March 26, 2012

Paula, Time to Change bloggerI worked as a Nursing Assistant in Acute Mental Health, Elderly Mental Health and forensic Mental Health since 1989 to 2007. Within this time I was seconded to university to study to become a Registered Mental Health Nurse. This is where my eyes began to open regarding my own mental well being.

In many lectures, I started to think the tutors were talking about me: delusions of grandeur, yes I get that; psychosis, a tick to that one too; isolation, I could relate to this, depression, tick and the list went on. My fear went through the roof.

At the end of my 2nd year I was hospitalised for 3 weeks as a voluntary Patient but I was told I would be sectioned if I tried to leave. There I was medicated for a mood disorder. This all felt very surreal. One minute I was administering medication as a Student Nurse and the next minute I was on the other side of the meds trolley being administered medication as a Patient. I remember thinking that this would help me become a good Nurse as I could see things from both sides. I took in everything that the Nursing Staff did - there were both good things and bad. I asked the psychiatrist would it be advisable to continue with my nurse training at my discharge meeting; he immediately said, yes, we need more nurses like you because you understand.

I returned back to university a week later. I decided to be open about my diagnosis - to my own detriment. Walking back into the University took a great deal of courage. I saw all my cohort sat relaxing in the common area. They saw me coming and looked away. Not one of them asked me how I was and I remember feeling very alone. I walked passed them all and went out for a cigarette, my heart pounding through my chest. Then I went on to our first session of the day. I remember thinking: what hope do patients have when the staff cannot even ask a friend how they are. I felt lonely, angry and very hurt.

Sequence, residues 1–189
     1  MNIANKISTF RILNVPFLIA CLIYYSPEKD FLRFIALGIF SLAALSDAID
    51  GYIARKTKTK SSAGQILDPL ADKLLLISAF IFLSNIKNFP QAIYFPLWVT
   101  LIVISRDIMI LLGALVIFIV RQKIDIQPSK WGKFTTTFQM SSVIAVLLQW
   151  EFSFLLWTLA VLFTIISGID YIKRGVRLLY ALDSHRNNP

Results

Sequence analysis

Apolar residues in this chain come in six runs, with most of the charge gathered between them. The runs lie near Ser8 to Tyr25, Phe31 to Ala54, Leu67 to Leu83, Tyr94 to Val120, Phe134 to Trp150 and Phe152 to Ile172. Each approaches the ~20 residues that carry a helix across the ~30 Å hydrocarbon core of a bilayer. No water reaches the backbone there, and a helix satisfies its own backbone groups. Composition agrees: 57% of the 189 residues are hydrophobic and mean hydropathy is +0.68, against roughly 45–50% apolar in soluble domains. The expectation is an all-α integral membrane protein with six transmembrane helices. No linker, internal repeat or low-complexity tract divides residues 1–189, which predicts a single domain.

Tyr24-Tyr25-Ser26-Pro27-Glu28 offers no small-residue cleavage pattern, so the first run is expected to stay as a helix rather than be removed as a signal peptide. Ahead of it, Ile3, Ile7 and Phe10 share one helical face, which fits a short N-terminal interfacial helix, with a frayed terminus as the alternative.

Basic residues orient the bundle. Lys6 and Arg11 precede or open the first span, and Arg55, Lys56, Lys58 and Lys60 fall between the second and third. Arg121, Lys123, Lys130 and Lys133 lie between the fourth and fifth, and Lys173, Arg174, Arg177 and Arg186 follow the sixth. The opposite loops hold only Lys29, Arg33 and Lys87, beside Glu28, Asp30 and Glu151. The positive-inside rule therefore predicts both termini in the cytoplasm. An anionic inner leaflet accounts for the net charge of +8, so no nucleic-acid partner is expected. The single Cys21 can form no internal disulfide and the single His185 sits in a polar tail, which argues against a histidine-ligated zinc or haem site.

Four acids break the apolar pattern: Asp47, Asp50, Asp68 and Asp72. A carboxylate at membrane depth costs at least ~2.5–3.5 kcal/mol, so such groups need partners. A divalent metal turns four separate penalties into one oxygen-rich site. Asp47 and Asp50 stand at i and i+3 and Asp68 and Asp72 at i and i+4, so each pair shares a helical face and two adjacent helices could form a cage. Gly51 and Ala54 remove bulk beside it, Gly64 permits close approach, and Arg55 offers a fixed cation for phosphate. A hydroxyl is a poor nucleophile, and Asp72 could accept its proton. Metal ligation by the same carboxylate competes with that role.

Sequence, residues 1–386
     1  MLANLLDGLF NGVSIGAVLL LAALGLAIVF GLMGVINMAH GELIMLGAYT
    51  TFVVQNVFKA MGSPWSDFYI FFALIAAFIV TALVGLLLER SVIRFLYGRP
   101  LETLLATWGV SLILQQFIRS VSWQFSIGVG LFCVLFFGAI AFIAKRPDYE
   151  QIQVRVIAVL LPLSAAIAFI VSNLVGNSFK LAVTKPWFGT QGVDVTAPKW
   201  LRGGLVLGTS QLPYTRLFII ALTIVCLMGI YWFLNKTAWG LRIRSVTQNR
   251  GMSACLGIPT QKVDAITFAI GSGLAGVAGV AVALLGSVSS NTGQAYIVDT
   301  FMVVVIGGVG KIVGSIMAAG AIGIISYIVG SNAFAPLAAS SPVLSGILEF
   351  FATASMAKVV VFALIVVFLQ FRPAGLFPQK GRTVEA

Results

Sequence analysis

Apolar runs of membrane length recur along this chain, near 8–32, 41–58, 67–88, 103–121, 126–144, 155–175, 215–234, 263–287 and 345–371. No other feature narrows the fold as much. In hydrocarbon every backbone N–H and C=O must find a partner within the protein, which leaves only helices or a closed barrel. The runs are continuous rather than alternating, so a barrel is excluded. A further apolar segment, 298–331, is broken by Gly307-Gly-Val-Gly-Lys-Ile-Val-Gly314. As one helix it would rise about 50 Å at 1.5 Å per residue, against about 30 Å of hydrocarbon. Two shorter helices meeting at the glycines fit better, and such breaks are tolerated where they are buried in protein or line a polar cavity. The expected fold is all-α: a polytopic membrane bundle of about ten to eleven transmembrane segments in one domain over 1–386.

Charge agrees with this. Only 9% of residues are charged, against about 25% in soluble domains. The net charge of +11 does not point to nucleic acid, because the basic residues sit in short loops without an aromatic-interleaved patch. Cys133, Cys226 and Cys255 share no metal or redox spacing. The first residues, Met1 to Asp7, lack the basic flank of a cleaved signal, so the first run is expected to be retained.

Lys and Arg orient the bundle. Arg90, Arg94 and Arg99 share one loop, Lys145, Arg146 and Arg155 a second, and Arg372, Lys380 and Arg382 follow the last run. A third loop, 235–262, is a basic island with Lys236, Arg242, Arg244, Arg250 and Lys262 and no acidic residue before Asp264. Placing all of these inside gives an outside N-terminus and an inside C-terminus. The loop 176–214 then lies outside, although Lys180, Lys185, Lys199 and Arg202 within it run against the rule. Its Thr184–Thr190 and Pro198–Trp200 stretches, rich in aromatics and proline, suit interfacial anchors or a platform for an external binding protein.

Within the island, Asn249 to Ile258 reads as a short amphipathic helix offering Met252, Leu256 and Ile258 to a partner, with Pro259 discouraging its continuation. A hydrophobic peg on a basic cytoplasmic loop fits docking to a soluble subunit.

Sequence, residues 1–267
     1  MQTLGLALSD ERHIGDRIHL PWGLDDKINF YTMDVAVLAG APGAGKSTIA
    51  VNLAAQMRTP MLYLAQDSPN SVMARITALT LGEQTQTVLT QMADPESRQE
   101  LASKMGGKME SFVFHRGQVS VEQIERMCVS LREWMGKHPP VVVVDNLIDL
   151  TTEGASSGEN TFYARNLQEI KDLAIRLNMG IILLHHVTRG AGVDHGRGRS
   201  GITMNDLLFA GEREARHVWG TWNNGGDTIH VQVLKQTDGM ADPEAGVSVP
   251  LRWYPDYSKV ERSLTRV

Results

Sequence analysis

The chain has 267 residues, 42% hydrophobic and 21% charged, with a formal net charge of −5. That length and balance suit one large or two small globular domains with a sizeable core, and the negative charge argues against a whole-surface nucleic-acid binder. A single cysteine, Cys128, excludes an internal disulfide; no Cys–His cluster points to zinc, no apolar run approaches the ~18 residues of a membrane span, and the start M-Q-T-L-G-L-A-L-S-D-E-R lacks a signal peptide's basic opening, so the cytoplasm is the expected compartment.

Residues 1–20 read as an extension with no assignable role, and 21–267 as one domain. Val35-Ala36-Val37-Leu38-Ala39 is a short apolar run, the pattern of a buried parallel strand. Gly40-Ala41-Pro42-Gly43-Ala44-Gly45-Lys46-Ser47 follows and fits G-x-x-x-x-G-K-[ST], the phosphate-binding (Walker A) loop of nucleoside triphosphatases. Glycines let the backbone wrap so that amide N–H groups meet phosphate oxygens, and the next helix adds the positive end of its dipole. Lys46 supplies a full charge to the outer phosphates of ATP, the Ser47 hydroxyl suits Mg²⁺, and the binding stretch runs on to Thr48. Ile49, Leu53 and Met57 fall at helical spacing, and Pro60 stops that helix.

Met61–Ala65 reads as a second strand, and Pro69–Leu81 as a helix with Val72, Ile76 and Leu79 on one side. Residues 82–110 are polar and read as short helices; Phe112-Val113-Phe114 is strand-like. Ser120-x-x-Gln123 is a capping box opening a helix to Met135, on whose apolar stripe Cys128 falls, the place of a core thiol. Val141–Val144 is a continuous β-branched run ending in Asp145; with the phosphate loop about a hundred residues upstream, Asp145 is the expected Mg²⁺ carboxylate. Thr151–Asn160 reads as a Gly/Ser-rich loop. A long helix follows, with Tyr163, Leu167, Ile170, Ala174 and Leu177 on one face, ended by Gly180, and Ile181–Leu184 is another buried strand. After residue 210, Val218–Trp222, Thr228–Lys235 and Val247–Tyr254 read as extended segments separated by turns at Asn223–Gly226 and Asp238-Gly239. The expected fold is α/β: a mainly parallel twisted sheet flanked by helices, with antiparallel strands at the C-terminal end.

By lunch time all I wanted to do was run away and hide but I thought “no”: I have worked far too hard for this, much harder than any of them can comprehend. Outside having another cigarette I was approached by a couple of my peers who said, "We're so sorry Paula, we didn't know what to say" and one of them hugged me. I cried because I felt like one of the gang again and not invisible. It's beginning to upset me as I remember this so I will cut this story short...

Although the university was aware of my diagnosis, no support was given. I went straight into my Community Placement, told my mentor about my diagnosis and was told to keep it to myself. How I got through that Placement is beyond me. I then went onto my final module of Management Placement but became ill again only 5 weeks before the end of the entire course. I passed every assignment and placement I had done but I was timed out  - all of that hard work and no recognition. I received no support from the University and no support from the employers who seconded me.

With no job I felt that I had no purpose. This in turn left me with little confidence and no self-esteem. I had been isolating myself for years. Social isolation is soul destroying. I wouldn't open the curtains, I didn't move from the time my husband went out until he came home. My bones ached. Not eating or drinking until my Husband reminded me that I hadn't eaten. I felt nothing but aches & pains.

After 4 years of asking I got therapy. This changed my life. From there I got suggestions that I should join an art group to help combat my social isolation; just a couple of hours on a Wednesday. I hadn't painted a thing since school but I loved every minute. From there I now hire my own studio and hope to have a solo exhibition this year.

With the right encouragement you can get strong again. I have just been asked to speak at The Rotary Club Dinner about Mental Health. I feel so passionate about all of this, I now want to shout it from the roof tops.

Share your story

Too many people are made to feel ashamed. By sharing your story, you can help spread knowledge and perspective about mental illness that could change the way people think about it.